April 24th, 2012 by Gallagher John 1 Comment

I just finished reading The Best Practice – How the New Quality Movement is Transforming Medicine. Not all of my readers are keenly aware, but for the past two years I have been a consultant in health care working with organizations to improve the effectiveness of their delivery of health care.  For me, a lot of my work is about reducing wait times and improving efficiencies.  This book was a gift from one of my clients and I am so appreciative of this gift.  Let me share a few of the jaw-dropping facts:

  • From a Harvard Medical Practice Study, it is estimated that there are 1 million preventable medical errors in the United States each year, resulting in more than 100,000 deaths (That is like one 737 crashing EVERY DAY in a year!)
  • The cost of these injuries is estimated at $33 billion annually
  • 70 percent of the nation’s cost of care goes to less than 10 percent of the population
  • There are over 10,00 billing codes in health care for procedures (want to guess how many there are for cures?)
  • 74 percent of doctors believe patients could receive better care if doctors were able to share information via electronic medical records.  63 percent believe the benefits of electronic medical records would decrease the risk of medical error- 2007 Wall Street Journal survey  (Think of how many information cards you carry on your key-chain with your information on them.  How many of you carry one around with your medical information on it?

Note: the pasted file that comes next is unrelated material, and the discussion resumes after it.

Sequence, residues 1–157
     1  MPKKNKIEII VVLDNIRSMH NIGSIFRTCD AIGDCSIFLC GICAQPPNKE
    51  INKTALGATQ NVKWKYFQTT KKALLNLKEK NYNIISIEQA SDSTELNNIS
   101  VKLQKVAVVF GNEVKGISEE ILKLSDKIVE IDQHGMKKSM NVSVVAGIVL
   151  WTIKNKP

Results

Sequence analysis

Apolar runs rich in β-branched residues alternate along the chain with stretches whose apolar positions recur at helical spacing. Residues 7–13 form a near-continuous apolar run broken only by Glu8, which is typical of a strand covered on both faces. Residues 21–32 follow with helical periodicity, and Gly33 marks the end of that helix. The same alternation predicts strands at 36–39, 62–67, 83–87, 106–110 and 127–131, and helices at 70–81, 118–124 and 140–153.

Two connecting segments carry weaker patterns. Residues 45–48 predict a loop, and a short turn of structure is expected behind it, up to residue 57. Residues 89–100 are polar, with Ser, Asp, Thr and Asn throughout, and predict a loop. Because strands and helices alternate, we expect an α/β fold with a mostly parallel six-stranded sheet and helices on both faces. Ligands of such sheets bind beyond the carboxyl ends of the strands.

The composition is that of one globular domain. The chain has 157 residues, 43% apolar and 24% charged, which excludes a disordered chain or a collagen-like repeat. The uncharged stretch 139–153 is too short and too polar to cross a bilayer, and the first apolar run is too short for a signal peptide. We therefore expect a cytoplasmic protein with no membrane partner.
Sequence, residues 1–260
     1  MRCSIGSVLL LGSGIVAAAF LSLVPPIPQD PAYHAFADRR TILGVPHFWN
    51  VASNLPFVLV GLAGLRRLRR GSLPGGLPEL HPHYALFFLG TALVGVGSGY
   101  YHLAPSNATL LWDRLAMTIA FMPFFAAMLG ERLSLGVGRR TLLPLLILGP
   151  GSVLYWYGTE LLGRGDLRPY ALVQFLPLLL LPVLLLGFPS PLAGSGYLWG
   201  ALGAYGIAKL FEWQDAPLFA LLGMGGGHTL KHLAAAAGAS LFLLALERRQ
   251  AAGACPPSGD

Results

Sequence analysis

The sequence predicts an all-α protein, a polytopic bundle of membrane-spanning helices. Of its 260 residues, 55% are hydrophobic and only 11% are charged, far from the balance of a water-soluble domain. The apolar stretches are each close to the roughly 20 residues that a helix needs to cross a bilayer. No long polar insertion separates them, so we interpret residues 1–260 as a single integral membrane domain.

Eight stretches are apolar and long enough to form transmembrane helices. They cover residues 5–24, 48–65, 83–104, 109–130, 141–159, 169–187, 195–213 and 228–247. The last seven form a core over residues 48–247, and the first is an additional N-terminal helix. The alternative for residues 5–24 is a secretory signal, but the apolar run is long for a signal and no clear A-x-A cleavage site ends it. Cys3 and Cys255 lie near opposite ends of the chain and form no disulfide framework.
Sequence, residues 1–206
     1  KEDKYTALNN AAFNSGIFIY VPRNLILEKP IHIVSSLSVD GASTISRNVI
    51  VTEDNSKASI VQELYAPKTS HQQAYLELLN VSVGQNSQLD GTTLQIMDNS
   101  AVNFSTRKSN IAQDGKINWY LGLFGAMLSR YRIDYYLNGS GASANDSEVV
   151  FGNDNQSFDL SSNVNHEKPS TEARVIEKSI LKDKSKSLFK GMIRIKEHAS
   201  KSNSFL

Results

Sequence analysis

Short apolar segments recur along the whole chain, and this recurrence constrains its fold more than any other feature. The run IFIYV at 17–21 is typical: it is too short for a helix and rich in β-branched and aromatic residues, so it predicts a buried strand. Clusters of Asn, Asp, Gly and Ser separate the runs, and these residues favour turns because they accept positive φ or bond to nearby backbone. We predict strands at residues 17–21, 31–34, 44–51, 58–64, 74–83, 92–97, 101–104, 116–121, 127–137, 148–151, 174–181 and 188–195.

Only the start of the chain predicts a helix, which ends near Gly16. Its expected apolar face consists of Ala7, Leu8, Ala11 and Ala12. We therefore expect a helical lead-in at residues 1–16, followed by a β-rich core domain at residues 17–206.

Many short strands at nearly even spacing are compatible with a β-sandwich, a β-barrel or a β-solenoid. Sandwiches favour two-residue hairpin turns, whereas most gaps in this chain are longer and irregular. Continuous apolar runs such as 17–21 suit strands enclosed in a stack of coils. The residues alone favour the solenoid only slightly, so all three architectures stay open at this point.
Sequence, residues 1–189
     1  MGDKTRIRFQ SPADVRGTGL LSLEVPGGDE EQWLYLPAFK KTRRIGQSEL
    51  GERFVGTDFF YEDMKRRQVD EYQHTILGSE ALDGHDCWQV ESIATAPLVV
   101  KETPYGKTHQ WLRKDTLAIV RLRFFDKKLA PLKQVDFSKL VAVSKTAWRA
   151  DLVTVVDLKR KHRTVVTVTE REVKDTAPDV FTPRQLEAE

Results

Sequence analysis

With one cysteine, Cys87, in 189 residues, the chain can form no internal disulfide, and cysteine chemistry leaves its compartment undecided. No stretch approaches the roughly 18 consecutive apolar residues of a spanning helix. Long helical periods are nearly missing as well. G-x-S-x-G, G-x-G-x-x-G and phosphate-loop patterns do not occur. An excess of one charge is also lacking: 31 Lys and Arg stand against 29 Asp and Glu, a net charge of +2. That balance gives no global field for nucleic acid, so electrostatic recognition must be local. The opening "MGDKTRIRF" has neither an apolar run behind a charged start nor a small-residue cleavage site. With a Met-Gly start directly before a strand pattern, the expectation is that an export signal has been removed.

After completing this book, I am more committed than ever to continue the work that I do.  Not just to improve efficiency and reduce the time we wait in the doctor’s office, but to….SAVE LIVES!

This book is very relevant to those seeking to understand just a little bit better the problems with our current health care delivery system.

I really enjoyed reading this book.  Thank you, Gene Lindsey, for sharing it with me.  There were gut-wrenching stories of folks who were affected by errors in our medical system.  From infections to having the wrong limb amputated, to death for poor systems…NOT bad people…bad SYSTEMS. 


  • Brian Ramos

    Well said. And so, our work continues.